The study describes characteristics of the sample as pregnant women on their singleton gestation aged between 18 and 35 years without pre-existing health conditions. The study answered the research hypothesis separately by stating that massage increases cervical dilation statistically significantly, but it reduces labor pain statistically insignificantly. The study collected quantitative data, which measured the size of cervical dilation in centimeters and labor pain on a Likert scale.
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Analysis of variance is the statistical analysis that the study used to determine the significance of differences of cervical dilation and labor pain between the massage group and the control group. In the presentation of data, the study used flowchart diagram presenting sampling procedure and tables in presenting demographic attributes, participants’ characteristics, and research outcomes. The text supplement data in tables for it summarizes extensive data presented. In summary, the findings of the study are that Swedish massage administered by a registered massage therapist increases cervical dilation statistically significantly but reduces labor pain in a statistically significant manner. Thus, the findings suggest the use of Swedish massage in the management of labor pain.
Discussion/Implications for Practice
The analysis of the findings reveals that authors related them to research purpose and hypothesis. The findings of the study are consistent with the findings of the previous studies for they support the use of massage therapy in relieving pain during labor. Given that the findings are consistent with the previous findings, the study does not discuss findings that conflict with the previous studies related to the management of labor pain using the massage therapy.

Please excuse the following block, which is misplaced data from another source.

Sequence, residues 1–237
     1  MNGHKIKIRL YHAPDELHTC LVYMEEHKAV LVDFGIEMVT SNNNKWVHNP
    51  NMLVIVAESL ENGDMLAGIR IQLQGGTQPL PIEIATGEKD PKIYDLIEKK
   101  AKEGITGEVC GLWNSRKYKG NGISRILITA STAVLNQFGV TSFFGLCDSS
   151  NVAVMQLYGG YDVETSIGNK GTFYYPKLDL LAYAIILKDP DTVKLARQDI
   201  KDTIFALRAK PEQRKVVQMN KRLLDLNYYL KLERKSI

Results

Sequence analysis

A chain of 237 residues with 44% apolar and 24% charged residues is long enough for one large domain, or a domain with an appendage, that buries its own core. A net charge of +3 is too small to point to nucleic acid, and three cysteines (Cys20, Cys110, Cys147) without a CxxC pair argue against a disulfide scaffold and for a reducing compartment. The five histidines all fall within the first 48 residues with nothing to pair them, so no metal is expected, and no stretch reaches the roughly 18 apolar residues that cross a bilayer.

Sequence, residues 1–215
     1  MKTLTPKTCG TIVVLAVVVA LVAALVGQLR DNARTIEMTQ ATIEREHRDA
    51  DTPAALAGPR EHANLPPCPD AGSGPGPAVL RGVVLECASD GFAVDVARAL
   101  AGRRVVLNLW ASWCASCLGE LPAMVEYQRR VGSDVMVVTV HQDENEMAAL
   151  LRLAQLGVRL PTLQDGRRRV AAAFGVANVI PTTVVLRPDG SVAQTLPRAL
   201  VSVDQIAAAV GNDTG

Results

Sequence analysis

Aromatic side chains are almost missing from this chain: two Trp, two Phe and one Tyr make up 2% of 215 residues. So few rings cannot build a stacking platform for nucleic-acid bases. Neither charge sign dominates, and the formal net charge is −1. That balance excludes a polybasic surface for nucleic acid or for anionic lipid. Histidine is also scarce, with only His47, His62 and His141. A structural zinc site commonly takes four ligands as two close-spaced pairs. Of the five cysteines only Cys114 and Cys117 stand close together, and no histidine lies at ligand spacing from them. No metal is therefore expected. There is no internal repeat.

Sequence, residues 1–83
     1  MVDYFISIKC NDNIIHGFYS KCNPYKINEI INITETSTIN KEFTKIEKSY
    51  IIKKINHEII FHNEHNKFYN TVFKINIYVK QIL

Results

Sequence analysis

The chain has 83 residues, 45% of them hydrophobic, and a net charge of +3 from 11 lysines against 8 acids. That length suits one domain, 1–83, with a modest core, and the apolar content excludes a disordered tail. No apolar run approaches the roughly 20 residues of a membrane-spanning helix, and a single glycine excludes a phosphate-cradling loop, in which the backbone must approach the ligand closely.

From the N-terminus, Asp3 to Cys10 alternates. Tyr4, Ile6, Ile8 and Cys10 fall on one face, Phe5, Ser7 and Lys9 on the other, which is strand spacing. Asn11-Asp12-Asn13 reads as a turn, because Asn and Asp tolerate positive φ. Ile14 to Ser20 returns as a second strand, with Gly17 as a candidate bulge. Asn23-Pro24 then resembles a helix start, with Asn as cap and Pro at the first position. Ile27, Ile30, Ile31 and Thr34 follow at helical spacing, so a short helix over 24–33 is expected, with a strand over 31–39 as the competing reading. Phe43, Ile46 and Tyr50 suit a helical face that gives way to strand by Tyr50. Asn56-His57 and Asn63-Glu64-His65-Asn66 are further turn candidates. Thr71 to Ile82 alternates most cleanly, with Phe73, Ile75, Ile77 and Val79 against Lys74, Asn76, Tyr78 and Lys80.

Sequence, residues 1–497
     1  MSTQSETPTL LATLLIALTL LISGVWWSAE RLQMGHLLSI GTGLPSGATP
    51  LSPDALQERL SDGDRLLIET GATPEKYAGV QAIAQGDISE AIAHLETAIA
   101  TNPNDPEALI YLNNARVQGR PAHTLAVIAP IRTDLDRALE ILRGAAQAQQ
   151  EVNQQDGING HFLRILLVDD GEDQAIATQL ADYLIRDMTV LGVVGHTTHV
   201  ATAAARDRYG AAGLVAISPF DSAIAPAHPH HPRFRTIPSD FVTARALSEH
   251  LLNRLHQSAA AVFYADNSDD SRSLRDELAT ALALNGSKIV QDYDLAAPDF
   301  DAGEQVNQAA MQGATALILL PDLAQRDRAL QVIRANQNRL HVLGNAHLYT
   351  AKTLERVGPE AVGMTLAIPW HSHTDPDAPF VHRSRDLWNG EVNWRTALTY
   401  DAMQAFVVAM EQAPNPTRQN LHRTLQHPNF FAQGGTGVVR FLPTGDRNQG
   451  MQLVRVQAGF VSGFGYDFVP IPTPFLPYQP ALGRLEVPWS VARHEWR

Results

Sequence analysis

The limitations that the study noted are small sample size, lack of blinding, and a short period of massage. In this view, the study suggests future research to use large sample size, blind participants, and massage therapists, and extend the period of massage as long as the participants prefer. Evidently, the new research finding that emerged from this study is that massage therapy delays the use of epidural analgesia. Since Swedish massage technique is sophisticated, widely accepted, and does not have side effects, it has a high potential for use in nursing practice.
Overall Presentation and final summary
The title is descriptive for it accurately describes the type of study as a randomized controlled trial, variables as massage therapy and labor outcomes, and the target population as pregnant women. The abstract accurately summarizes the study for it presents introduction, research purpose, methodology, results, and conclusions. Overall, the report of the study is logically consistent because it has all major parts and the writing style is clear and concise because it uses simple and scientific language.
Janssen, P., Shroff, F., & Jaspar, P. (2012). Massage therapy and labor outcomes: A randomized controlled trial. International Journal of Therapeutic Massage and Bodywork, 5(4), 15-20.